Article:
This stretch of road was long and straight, it seemed to go one for hours and hours. The brothers had dubbed it "No Man's Land" because the length and general desolation, coupled with the fact that they almost never saw anybody else on it, made it feel like the literal "middle of nowhere." About a mile outside the city the metropolitan street became a stretch of straight, two-lane road with a single, broken yellow line going down the exact middle. It went in a straight line almost right to their Mom and Dad's door. Not too long after the city street became the country road, all vegetation petered out until only a few shrubs dotted the landscape. Hills sat in the distance, but no matter how fast or how long you drove, they never seemed to get any closer. It was not the road Jack took to get home, but it was the only road he could take to the home he grew up in. There was no straight line between his house and his parent's, he had to go back into the city and get on this road.

The car wasn't the only act of craziness he ever allowed himself. Almost, though, because the only other act of craziness he ever allowed himself was on this stretch of road. He drove over the speed limit, sometimes way over. Why not? You could see into oblivion from anywhere on the road. Even if a police car had a laser to track your speed, you could see it so far down the road that it was effectively useless. And so he would speed, but he did it his way. He would gradually push his foot down on the pedal, first going five miles over the speed limit, then ten, then fifteen, then twenty. And on No Man's Land, the only way you knew you were going too fast was the way the road felt under you. The landscape seemed to crawl by, no matter how fast you went.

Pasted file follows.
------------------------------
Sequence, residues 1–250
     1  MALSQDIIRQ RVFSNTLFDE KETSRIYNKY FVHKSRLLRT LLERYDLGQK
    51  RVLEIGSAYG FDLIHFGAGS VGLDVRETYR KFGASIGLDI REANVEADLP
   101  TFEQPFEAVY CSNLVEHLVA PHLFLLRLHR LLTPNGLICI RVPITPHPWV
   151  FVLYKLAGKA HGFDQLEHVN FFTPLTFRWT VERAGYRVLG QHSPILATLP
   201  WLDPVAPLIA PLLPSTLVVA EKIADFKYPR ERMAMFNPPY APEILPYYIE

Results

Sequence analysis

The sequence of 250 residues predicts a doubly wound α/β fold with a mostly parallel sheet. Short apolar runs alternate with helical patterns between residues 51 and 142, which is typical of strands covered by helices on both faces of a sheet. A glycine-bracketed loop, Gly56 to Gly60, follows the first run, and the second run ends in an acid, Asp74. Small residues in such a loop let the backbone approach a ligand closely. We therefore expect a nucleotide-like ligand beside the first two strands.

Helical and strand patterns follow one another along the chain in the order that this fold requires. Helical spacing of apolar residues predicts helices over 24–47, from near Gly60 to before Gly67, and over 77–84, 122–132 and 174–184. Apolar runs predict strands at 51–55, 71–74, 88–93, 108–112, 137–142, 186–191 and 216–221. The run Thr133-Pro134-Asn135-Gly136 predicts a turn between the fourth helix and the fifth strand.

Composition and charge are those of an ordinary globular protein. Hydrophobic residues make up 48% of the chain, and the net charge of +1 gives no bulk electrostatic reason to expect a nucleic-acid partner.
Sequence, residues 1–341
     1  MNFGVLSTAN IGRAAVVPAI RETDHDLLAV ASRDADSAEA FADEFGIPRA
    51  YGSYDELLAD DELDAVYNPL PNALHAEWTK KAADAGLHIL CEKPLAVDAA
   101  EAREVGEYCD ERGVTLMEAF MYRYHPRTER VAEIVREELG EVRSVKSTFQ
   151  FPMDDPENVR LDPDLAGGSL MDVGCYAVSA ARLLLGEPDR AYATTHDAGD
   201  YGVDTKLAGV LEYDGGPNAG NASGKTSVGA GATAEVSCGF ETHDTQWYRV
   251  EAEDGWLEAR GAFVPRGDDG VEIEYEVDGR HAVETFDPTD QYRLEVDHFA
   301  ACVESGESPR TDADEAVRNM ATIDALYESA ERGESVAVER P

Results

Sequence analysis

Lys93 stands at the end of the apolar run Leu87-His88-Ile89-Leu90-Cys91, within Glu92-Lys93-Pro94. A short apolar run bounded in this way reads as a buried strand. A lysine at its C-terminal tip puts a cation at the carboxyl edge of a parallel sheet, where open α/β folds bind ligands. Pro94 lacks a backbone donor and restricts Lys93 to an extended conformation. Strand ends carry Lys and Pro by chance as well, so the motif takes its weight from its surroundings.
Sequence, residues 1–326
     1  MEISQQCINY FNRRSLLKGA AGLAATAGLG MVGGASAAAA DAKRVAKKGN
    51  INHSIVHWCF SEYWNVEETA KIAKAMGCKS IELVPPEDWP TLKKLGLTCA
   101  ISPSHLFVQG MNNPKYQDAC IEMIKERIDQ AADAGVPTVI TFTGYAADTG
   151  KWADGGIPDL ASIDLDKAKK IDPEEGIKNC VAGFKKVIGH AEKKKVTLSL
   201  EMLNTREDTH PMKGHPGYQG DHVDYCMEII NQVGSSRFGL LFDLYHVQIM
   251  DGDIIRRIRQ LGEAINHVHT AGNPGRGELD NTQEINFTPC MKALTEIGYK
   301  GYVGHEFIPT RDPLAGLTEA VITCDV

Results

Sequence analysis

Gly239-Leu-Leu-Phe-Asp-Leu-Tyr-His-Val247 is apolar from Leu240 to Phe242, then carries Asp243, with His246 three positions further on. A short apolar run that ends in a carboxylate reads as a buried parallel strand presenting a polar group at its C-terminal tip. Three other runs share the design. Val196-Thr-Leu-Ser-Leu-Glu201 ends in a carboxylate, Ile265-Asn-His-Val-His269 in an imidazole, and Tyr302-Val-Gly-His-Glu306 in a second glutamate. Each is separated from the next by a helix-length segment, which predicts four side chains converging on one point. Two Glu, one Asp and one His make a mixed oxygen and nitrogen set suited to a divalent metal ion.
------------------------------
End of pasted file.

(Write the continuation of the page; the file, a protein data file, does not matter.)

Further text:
Marvin wasn't saying anything, but that was meaningless. He could never let anything go or take 'no' for an answer, and Jack knew it. He knew it was coming, so it didn't bother him much when Little Bro whirled around and said, "Please! Come on, man! Just one time!" But it wouldn't be just one time. It was never 'just one time' unless disaster prevented Marvin from repeating an action he really wanted to do. So Jack had no trouble just shaking his head. But something about this time, the way Marvin kept wheedling him, doing everything he could think of, even offering (with a grin) to give Jack his baseball card collection, his best comic boodk and a candy bar, finally wore him down. Taking his foot off the gas, he let the car slow down. Almost as if he didn't dare to believe it, Marvin kept his increasingly shiny eyes on the speedometer, watching with mounting glee as the needle dropped down to forty, then thirty, then twenty. Finally, Jack applied the brake and brought the car to a stop. The car had barely ceased moving when Marvin, giggling almost hysterically, threw open his door and ran around the front of the car. Opening his door and getting out at a deliberate pace, Jack sauntered around the front while Marvin jumped in and slammed his door shut.

"Hey!" shouted Marvin, looking down. Throwing his hands up in frustration, he yelled, "Where's the key?" Sliding into the passenger seat, putting the seat belt on and making sure it was properly adjusted, Jack produced the key, attached to a keychain that contained the remote lock and an LED light. Marvin tried to grab it, but Jack deftly kept it away in a hand closed. The passenger tapped his shoulder strap with his thumb. The younger man at first refused, saying, "No way, man! I will not put that stupid thing on!" but Jack didn't budge. "There's no cops for miles! This is stupid!" Jack just arched an eyebrow and shook his head, ever so slightly. Predictably, this drove Marvin crazy, causing him to shout, "You know, you always were a control freak!" but with his face toward the driver side window. Jack allowed himself a slight chuckle. Finally, wearing his defeat like a badge of sulkiness, Marvin put on his seat belt, pronounced his sibling a jerk and snatched the proffered key, almost jamming it into the keyhole.